A massive and sudden tidal wave of mud and water enveloped an Australian city near Brisbane this afternoon, sweeping four people to their death, with serious fears for another three children missing, last seen swept away in the raging torrent.
Authorities are desperately searching for many others missing and have ordered the immediate evacuation of 5000 residents in the path of deadly water downstream from Toowoomba, just an hour's drive west of the Queensland capital Brisbane. Steve James, the local mayor of Lockyer Valley, described it as "absolute devastation".
Queensland Deputy Police Commissioner Ian Stewart warned more lives were under threat.
"We've had multiple calls requesting urgent assistance from people caught in vehicles, caught on the street, caught in floodways," he said.
"This has just evolved. There has been no warning of this event."
The sudden catastrophic surge of water took the Queensland town by surprise even though the surrounding region – the size of Britain, France and Germany combined – has been hit by the worst floods in a generation in the past week.
Dramatic television footage taken from an helicopter above the mud deluge in the town of Toowoomba today showed a family of three who had climbed onto the roof of their four wheel drive vehicle being rocketed helplessly down the flooded river. The car was perilously perched forward and tossed around violently.
Neither the people, nor their car, have been sighted since the helicopter left the scene to pick up nearby rescue personnel. Other cars were tossed around the river and were left piled five high when the torrent receded. A downtown building collapsed. Another residential building collapsed as a neighbour frantically called police to help two people trapped in the first floor.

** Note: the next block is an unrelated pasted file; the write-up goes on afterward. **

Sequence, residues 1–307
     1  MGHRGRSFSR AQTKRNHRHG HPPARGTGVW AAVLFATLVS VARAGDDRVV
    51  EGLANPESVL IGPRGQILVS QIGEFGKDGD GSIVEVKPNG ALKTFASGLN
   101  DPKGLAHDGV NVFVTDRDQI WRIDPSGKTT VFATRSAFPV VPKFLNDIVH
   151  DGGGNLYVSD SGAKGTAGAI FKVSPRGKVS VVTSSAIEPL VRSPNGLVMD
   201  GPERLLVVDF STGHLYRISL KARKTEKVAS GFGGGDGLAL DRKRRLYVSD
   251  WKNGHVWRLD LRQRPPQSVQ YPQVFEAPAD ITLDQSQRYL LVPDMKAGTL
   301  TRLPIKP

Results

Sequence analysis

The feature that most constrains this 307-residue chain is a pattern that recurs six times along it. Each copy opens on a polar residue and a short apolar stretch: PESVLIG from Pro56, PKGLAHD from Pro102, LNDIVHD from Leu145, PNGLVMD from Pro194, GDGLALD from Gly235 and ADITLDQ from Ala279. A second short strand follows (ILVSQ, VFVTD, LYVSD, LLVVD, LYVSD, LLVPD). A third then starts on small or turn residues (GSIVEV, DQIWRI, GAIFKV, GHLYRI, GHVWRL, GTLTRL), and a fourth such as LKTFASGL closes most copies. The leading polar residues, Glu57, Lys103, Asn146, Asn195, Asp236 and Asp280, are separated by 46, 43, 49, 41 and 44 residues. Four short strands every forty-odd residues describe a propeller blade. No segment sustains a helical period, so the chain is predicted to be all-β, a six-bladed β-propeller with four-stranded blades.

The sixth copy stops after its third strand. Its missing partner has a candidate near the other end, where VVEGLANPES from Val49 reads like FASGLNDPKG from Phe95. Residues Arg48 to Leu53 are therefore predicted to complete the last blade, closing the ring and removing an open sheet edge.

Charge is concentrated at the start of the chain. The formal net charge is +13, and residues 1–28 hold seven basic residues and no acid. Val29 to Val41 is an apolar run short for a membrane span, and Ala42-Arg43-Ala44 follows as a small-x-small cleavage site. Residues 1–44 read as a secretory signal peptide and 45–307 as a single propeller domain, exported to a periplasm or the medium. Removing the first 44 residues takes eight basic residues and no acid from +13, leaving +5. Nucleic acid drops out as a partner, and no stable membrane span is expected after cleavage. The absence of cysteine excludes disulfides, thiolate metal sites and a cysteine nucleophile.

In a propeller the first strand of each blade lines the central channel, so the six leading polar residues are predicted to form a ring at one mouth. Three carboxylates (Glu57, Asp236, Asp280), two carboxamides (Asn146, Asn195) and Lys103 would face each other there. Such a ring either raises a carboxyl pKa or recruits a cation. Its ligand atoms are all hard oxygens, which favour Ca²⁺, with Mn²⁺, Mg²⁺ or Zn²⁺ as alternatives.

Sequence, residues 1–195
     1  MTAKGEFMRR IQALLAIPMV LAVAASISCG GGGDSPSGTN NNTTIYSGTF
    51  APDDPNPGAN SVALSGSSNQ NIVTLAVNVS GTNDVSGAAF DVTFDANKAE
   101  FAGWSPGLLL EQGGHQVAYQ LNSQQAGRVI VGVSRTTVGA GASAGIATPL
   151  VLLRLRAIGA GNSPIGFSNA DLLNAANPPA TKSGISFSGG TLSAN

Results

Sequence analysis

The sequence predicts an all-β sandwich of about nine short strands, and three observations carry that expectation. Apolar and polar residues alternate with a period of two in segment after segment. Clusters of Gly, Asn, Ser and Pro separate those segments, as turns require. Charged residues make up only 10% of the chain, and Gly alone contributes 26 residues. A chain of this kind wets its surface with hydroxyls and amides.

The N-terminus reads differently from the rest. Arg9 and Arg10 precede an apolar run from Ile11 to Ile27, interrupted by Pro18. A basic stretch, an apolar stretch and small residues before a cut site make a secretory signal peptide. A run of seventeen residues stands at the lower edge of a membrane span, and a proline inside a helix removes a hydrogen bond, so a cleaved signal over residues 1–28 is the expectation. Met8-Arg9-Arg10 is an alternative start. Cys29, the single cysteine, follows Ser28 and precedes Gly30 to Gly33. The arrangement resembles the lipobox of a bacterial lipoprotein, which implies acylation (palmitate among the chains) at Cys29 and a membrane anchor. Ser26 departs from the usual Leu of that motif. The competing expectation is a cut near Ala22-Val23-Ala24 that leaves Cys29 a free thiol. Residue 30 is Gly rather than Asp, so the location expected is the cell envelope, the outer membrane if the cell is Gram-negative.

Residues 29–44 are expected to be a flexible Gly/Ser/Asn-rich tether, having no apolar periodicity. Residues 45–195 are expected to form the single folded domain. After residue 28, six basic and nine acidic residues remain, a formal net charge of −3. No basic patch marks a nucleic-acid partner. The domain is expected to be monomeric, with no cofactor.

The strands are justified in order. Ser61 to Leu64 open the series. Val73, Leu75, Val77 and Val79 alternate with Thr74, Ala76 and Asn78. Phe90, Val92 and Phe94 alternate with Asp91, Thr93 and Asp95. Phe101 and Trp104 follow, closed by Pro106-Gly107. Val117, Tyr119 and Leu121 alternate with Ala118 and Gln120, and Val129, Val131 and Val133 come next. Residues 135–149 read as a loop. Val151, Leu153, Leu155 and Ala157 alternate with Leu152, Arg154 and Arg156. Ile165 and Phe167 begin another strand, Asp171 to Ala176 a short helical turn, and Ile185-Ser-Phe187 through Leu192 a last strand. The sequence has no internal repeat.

State authorities have called for an urgent evacuation of all towns in the ongoing path of the mud surge down the Lockyer River.
Toowoomba Mayor Peter Taylor said there was still confusion about the extent of the loss of life and damage. So ferocious was the force, petrol pumps were ripped out, and houses and bridges swept away.
"There has been loss of life. I don't know how many at this point ..." Mr Taylor told the national broadcaster ABC.
"There is massive damage ... this is unbelievable damage."
Heavy rain has battered the areas just north and inland of Queensland capital Brisbane for the past 24 hours, with one town receiving 327mm in a day. There are many small towns isolated. Brisbane has been put on a flood alert – its first since a nearby dam was built to avoid a repeat of the catastrophic flood back in 1974 – as it is unable to contain all of the water washing down the state.
One town, Gympie, is facing a river peak of 20 metres overnight, which will bring widespread devastation to 200 homes and businesses.
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